Fraser Nelson

The pessimism of the left

The pessimism of the left
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Like David, I’m a fan of Polly Toynbee. Every compass needle needs a butt end, after all. She is 180 degrees wrong on most things: but splendidly, eloquently, passionately wrong. I’d like to pick up on one aspect of her column.

“Social democrats are the world's optimists, knowing human destiny is in our own hands if we have the will to change. Leave pessimism to the world's conservatives, ever fearful of the future and yearning for a better yesterday.”

Now, I have also seen this as a fundamental difference between left and right but (needless to say) the other way around. And it all comes down to your views of human nature. Do you think people are inherently kind, wise and compassionate? I do, which is why I describe myself as a conservative. I think society will be better, stronger and more socially cohesive if money is left in the hands of people who earn it, to distribute as best they see fit. The likes of Polly see ordinary people as rather dim, and selfish: this is why they must have a chunk of their earnings confiscated by the state so an elightened elite can put it on priorities which – left to themselves – these stupid, selfish people would not address.

Polly’s column today illustrates this pessimism rather well, laying into the lumpen masses. “Most leaders in Copenhagen were out ahead of their people. Most understand the crisis better than those they represent, promising more sacrifice than their citizens are yet ready to accept.” What ignorant, heartless citizens. She goes on: “If voters cared about people drowning in Bangladesh, more aid would have been sent decades ago.” Oh, the cold hearts of the working class! Bruce Anderson once said of someone (I forget whom) “he would do anything for the working class except like them”. This quote often comes to mind when I am reading Polly. She goes on: “News editors yawned as Copenhagen failed,” she said – again, seeing life through the prism of the elite rather than the masses. News editors, of course, judge stories by what is likely to maximise their readership: has it occured to Polly that the average person is more interested in flying home for Christmas or seeing their family rather than some summit ending in predictable collapse? But in Polly’s world, people are stupid and believe whatever the press tell them. “Many think the science is still in dispute. Why wouldn't they when the maverick billionaires who control most of our press keep pumping out climate change denial day after day?” Ben Schott’s 2010 Almanac – a book which I heartily recommend – has a figure that 22% of people read a daily newspaper now, a rate which has more than halved since the 1970s. Newspapers don’t control what people think, and I have never met a journalist who thinks otherwise.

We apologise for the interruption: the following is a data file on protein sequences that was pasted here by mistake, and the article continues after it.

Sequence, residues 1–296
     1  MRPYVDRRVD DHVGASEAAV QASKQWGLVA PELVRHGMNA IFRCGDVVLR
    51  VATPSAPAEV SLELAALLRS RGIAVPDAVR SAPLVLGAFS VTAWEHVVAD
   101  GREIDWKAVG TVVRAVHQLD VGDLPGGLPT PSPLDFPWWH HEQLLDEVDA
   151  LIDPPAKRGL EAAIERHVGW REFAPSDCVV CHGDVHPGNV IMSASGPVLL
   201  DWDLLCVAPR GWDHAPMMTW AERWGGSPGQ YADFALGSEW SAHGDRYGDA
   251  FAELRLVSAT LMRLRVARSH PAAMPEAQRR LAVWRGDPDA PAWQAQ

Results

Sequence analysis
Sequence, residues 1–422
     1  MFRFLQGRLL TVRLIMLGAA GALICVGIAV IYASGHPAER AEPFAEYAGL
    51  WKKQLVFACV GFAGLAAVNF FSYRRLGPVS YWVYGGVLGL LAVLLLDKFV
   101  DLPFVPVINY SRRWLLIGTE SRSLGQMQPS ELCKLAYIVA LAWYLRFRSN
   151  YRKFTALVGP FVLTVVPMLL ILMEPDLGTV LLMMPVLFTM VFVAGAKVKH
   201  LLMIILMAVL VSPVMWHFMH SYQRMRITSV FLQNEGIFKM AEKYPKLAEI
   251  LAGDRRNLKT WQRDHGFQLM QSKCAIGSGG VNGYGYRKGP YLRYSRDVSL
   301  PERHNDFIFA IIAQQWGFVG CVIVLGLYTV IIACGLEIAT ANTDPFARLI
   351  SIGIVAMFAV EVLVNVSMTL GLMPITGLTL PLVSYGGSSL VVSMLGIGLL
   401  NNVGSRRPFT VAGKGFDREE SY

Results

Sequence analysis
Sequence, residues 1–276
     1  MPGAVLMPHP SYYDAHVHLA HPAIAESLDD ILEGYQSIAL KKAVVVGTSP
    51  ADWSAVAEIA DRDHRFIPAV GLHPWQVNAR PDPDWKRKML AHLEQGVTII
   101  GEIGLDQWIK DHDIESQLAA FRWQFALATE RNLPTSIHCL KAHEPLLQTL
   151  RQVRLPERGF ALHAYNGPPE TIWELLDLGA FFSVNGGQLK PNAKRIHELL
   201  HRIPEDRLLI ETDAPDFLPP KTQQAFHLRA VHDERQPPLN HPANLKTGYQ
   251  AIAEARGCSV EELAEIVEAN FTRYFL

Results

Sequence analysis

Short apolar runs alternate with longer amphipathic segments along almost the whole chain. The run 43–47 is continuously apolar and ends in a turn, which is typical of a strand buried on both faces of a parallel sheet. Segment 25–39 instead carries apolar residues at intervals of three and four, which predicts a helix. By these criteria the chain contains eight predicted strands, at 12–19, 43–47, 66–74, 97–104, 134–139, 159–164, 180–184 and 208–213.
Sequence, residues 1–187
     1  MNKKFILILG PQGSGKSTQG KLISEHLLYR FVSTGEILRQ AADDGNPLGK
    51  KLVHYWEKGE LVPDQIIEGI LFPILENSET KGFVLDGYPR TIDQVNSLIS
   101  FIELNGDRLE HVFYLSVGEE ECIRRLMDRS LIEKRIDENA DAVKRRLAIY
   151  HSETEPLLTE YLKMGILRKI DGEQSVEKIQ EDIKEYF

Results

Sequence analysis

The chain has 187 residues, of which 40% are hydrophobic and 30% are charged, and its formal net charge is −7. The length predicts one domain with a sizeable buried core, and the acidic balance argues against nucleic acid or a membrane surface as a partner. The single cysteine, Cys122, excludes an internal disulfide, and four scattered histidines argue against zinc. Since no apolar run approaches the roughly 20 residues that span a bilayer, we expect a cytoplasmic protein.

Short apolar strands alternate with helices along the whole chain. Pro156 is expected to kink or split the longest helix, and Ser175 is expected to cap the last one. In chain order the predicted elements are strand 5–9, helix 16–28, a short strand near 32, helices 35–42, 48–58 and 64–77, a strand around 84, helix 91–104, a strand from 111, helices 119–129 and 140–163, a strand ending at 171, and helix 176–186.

That’s not quite right: I have met Polly. She is charming, intelligent, spirited and every column of hers I read triggers a stream of objections like the above: this, of course, is the mark of a good columnist. So I can at once salute Polly’s skill, and say that I believe her worldview is about as wrong as you can be. She does brilliantly illuminate the errors of old leftism – and, often, the misanthropy which lies at its core. This is where I think left and right disagree. A Tory government should place its faith not in schemes or plans, but on the courage and the character of the British public. Devolving power to the people (and letting them keep more of their cash) is an essential part of the kind of conservatism that I believe in (and by the way, I’d place Tory paternalists in the side of the bad guys, and Milburn/Adonis Labour reformists on the side of the angels). Let's leave the pessimism and misanthropy to those who think power is best left in the hands of the elites.